The boundary between toy tablets and real tablets keeps getting thinner. Cases in point: the LeapPad 2 from LeapFrog and the $100 Wi-Fi-enabled InnoTab 2S. As the price and processing power of these types of toys begin to approach those of real tablets, more parents are facing a tricky choice. Is it better to invest in a toy that acts like a tablet, or a tablet that has been configured to impersonate a toy?
In the last 12 months, a variety of Android tablets for children have been released. They are often more similar than they are different, with a girl- or boy-themed silicone frame for protection, slots for adding more storage, 7-inch multitouch screens and a handful of preloaded $1 apps like Angry Birds. Examples include LexiBook ($150), Kurio ($200), Nabi 2 ($200), Meep ($170) and Tabeo ($150).
This fall, toy rivals VTech and LeapFrog have also updated their portable platforms, succeeding in offering the lowest price of entry to the world of apps and touch screens. The cheapest option is VTech's MobiGo 2 ($50), followed by the updated LeapsterGS ($70). Both are solid choices, despite having smaller screens that can process only one finger touch at a time.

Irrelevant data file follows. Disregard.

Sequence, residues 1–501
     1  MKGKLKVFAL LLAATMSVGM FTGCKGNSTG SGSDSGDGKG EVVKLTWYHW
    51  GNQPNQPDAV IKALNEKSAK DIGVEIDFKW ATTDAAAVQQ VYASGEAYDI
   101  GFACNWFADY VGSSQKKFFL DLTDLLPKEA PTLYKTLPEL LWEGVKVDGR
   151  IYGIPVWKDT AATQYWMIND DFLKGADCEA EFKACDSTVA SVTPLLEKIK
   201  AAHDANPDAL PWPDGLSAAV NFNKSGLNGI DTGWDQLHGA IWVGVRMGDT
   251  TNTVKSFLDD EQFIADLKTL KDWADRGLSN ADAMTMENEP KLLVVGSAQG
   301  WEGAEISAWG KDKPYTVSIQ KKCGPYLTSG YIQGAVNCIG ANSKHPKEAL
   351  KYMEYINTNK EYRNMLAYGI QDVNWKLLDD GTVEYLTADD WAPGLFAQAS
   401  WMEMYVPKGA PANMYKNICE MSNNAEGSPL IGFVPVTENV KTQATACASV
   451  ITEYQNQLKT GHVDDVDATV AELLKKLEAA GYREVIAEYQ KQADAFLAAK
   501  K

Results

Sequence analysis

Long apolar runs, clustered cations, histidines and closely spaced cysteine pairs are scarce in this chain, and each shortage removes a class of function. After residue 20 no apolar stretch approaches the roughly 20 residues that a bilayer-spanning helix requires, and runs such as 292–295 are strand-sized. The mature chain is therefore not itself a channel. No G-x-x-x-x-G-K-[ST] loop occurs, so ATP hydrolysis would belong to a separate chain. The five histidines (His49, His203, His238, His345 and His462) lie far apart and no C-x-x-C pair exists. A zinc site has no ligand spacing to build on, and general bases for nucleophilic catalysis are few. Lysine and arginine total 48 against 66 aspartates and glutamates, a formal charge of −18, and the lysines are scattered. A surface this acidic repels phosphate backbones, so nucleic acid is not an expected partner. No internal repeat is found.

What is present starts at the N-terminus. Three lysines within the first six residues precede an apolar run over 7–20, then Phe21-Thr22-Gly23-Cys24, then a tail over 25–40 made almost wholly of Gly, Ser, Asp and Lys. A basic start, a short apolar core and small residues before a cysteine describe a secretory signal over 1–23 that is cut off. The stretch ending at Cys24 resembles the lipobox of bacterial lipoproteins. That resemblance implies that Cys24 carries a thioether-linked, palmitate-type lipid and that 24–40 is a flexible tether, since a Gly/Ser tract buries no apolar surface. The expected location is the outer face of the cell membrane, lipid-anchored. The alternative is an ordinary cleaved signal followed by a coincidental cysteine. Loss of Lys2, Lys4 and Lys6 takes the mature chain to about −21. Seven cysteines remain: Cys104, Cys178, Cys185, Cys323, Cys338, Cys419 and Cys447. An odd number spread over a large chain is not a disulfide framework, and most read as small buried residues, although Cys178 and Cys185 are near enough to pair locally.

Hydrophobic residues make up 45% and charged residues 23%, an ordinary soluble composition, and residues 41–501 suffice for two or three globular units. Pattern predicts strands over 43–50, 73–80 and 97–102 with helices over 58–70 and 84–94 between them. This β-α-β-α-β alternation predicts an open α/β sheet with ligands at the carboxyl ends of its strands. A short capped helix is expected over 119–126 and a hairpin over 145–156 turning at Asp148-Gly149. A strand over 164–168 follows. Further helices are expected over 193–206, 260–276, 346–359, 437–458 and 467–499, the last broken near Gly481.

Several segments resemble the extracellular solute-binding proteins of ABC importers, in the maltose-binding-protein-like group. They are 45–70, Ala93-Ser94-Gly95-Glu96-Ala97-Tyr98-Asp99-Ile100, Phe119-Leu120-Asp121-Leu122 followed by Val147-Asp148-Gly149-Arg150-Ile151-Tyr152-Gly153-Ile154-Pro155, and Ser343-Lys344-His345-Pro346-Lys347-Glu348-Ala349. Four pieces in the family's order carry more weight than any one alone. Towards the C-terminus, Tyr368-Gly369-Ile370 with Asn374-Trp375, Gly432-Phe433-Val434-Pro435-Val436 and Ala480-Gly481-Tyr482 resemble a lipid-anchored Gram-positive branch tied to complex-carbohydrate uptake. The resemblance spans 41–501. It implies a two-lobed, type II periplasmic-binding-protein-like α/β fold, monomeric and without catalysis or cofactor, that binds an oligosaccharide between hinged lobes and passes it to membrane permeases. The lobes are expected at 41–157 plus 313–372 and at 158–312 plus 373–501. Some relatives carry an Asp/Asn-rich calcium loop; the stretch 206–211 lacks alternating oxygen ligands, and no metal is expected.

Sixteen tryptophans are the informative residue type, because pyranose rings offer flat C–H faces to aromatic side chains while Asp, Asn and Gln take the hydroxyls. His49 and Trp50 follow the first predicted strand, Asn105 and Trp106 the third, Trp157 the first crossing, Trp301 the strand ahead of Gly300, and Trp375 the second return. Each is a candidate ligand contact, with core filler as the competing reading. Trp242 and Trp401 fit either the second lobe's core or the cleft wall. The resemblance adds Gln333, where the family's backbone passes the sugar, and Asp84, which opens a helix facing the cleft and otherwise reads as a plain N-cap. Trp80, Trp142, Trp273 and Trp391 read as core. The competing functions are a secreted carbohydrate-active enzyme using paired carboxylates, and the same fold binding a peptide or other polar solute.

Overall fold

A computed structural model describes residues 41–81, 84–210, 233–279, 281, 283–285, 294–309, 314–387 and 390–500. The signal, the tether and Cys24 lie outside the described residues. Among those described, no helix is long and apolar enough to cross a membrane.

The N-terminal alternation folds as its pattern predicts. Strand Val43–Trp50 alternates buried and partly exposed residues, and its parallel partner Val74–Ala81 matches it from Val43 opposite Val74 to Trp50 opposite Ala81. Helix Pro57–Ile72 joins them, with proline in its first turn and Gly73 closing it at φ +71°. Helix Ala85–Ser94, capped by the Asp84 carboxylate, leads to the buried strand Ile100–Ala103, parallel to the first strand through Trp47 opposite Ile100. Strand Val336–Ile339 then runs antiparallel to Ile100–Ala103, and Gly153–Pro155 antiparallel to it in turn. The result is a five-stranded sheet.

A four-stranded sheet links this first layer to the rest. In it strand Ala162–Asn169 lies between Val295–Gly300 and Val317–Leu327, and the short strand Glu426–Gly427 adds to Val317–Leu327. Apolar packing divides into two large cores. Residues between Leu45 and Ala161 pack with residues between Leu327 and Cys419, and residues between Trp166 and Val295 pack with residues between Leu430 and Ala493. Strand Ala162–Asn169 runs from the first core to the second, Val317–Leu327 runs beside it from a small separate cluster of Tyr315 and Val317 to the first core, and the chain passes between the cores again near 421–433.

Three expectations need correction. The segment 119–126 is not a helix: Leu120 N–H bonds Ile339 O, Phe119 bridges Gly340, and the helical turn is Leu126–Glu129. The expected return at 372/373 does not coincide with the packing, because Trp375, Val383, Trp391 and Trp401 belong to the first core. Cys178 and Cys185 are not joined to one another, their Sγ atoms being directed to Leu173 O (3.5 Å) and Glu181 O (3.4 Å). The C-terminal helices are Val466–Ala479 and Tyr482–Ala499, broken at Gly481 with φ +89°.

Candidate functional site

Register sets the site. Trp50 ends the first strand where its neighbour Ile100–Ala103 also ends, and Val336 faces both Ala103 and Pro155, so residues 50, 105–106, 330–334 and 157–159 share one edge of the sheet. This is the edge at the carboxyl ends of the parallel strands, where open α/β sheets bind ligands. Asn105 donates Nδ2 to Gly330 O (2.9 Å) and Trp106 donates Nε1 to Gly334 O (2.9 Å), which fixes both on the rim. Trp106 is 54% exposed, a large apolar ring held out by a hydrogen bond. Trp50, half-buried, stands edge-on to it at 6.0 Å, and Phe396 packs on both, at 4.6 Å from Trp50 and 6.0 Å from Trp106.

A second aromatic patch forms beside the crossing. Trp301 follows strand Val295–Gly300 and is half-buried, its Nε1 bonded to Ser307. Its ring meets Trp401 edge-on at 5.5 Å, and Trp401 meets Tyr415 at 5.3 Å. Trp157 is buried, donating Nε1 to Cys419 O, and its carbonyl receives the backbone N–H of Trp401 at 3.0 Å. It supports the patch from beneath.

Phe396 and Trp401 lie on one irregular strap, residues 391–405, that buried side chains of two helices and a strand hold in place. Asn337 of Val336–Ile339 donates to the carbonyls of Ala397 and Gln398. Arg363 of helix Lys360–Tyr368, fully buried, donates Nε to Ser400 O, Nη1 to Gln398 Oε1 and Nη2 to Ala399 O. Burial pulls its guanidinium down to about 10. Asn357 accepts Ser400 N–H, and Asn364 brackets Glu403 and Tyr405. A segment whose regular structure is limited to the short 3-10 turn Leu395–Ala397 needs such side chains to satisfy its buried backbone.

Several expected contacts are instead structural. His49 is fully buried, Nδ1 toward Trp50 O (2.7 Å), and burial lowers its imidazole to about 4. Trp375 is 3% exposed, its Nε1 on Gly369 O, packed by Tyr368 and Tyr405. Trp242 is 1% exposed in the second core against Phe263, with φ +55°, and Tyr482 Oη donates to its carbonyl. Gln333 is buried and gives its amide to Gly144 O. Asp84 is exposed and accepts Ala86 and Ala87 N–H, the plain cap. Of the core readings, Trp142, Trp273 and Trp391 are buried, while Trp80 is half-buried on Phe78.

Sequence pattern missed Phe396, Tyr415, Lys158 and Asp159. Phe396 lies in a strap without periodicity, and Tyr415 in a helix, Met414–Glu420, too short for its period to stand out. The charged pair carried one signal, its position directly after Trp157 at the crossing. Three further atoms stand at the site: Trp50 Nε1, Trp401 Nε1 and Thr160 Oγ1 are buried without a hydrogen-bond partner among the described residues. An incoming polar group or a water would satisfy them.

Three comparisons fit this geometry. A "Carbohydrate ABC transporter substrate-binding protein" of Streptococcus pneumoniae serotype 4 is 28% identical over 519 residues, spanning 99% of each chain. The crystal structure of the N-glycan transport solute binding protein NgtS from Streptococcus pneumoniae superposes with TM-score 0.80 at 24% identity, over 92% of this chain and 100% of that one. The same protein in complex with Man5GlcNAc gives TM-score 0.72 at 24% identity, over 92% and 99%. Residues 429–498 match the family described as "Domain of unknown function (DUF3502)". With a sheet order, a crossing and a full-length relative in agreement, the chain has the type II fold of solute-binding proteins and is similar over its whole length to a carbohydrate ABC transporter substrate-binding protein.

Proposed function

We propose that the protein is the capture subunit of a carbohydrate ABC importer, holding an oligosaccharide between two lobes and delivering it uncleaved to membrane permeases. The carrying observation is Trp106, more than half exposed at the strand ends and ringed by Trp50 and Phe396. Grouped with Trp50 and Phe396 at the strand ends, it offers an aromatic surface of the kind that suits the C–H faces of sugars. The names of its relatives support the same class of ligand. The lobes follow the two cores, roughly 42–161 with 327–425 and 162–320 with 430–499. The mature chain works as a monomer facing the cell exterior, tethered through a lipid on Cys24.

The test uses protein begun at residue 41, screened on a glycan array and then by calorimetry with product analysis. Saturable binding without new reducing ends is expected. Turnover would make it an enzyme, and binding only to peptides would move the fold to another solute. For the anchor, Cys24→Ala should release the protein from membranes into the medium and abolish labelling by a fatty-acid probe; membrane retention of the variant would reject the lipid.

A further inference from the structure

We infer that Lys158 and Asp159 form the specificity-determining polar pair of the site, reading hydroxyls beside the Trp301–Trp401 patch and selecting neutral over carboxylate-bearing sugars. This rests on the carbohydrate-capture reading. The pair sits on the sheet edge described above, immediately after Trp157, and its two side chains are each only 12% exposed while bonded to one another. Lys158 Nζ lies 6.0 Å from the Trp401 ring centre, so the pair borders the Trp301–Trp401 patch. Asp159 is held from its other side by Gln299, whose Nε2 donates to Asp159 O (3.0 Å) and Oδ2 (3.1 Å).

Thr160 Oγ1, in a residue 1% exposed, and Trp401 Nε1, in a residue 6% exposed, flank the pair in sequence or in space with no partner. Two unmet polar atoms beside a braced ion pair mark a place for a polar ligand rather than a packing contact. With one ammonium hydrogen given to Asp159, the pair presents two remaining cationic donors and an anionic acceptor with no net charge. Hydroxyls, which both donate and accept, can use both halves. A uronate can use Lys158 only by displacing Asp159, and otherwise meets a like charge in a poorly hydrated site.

Designed to fool a child into thinking he or she has a real tablet, VTech's InnoTab 2 ($80) comes with a new rotating camera. A second model, the InnoTab 2S ($100) has built-in Wi-Fi that only lets your child browse apps, while generating e-mails telling you which ones you should buy. The LeapPad2 Explorer ($100) starts faster and comes with two better-quality cameras, in front and in back.
The bottom line is that the differences among this year's Leapster, InnoTab and LeapPad models are slim. Whichever you choose, remember that each is a platform that can lead to a significant investment in software. After you add up the $100 for, say, a LeapPad or an InnoTab, and buy four $20 cartridges, you've spent more than the price of the latest iPod Touch ($175).
Soon you will be able to share your Twitter posts easily, even with people who aren't on Twitter.
The social microblogging service is introducing a new sharing feature that will let people pass along posts by e-mail directly from its site.
Here's how it will work: When you see a post you want to send to a friend, place the cursor over it. A list of links will appear below it in blue, just as it does now, but there will be an additional link, titled "More." Click on it and you will see a button that says "Share this Tweet via e-mail." Fill out the address, hit send, and off it goes.
E-mailing has advantages. For one, you can more quickly ridicule someone's post before an audience of select friends without going public. It also means you can expose people who have avoided Twitter to its siren call. Don't count on them thanking you.
NEW YORK TIMES